More Flag Insanity
At least these were out-of-state.
Bob Hurst walked into a Tallahassee art museum this week and saw the symbol of his Southern heritage hanging by a noose.
The art work, which has led to a standoff between descendants of Confederate soldiers and the museum, is a life-size gallows with the Confederate flag dangling from a frayed rope. Created by a black artist from Detroit and titled The Proper Way to Hang a Confederate Flag, the piece has brought an old debate to Florida anew.
Hurst and his compatriots at the Sons of Confederate Veterans want the exhibit taken down, and they’ve invoked a 1961 Florida law to support them.
”I didn’t find it clever. I didn’t find it amusing. I found it offensive. I found it tasteless,” said Hurst, whose great-great-grandfather led a company for the Confederacy and committed suicide after the South’s surrender. . . .
A 1961 Florida law actually says it is illegal to defile or ”cast contempt upon” the Confederate flag.
Right. If desecrating the American Flag is constitutionally protected, than how much more protected do you think desecrating the flag of a non-existent country would be? Good luck with that.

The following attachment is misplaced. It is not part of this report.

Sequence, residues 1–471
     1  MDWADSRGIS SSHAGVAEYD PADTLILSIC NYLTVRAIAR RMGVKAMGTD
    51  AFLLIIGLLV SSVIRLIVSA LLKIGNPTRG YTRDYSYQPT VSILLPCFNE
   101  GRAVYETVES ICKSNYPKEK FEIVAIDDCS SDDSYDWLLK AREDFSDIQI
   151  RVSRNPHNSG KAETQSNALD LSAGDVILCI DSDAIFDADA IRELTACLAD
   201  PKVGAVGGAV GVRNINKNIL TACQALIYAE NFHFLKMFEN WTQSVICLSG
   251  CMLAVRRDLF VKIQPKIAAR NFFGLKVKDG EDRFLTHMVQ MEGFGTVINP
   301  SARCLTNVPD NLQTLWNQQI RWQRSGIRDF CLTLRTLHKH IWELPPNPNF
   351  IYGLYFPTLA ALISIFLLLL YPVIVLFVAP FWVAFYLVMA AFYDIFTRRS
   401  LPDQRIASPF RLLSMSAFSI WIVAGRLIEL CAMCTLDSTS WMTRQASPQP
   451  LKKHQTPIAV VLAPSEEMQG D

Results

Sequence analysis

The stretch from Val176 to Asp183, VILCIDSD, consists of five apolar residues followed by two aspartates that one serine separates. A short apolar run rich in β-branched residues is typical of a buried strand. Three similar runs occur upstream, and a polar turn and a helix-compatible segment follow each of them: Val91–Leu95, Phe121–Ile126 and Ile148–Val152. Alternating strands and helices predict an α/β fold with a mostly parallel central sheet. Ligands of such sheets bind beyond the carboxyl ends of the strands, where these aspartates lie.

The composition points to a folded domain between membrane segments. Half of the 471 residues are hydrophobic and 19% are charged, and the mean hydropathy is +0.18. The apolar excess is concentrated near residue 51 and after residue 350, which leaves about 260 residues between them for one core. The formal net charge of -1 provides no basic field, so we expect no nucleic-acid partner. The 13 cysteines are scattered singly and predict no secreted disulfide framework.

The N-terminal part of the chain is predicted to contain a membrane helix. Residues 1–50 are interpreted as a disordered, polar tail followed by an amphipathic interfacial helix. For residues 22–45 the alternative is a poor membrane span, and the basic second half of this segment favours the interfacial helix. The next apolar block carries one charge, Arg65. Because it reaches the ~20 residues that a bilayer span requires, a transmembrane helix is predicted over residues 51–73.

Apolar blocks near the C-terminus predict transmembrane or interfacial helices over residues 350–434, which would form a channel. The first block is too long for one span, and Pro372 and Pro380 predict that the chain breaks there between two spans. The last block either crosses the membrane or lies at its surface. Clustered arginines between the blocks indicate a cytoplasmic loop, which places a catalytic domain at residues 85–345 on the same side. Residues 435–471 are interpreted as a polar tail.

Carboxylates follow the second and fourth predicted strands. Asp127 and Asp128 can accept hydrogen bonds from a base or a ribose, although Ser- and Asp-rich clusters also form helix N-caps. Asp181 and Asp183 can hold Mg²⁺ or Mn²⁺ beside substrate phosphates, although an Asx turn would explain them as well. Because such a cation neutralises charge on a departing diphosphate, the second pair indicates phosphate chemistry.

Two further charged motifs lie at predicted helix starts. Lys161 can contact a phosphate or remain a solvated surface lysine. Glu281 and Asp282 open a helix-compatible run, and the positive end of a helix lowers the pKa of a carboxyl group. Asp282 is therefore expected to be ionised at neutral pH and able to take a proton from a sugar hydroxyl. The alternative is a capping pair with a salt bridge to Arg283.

And just to show that the “Oooh, ooh, I’m offended, therefore the government must silence you” attitude is not limited to dumba** rednecks:
In a crucial victory for free expression, San Francisco State University (SFSU) announced yesterday that its College Republicans will face no punishment for hosting an anti-terrorism rally at which participants stepped on makeshift Hezbollah and Hamas flags. SFSU’s decision comes after months of pressure from the Foundation for Individual Rights in Education (FIRE), national and local media, and the public—all of which called on the school to uphold the students’ constitutionally guaranteed right to free expression.
“We are relieved that SFSU has come to its senses and recognized that it cannot punish students for constitutionally protected expression,” FIRE President Greg Lukianoff said. “But the fact remains that the university should never have investigated or tried them in the first place. This was a protected act of political protest and it is impossible to believe the university did not know that from the start.”
I’ll quote one of my favorite bloggers on this one:
There is absolutely no reason for them to have ever had charges even considered. The conduct in question was clearly constitutionally protected, and the very existence of school by-laws that could potentially punish such conduct is chilling toward free expression. If it had been an American flag trampled on during an anti-war protest, this would be just as true. I care as little about the offense of Muslim students when others express their views as I do the opinions of the uber-patriots when someone tramples an American flag. You don’t like someone else’s views? Counter them with your own speech.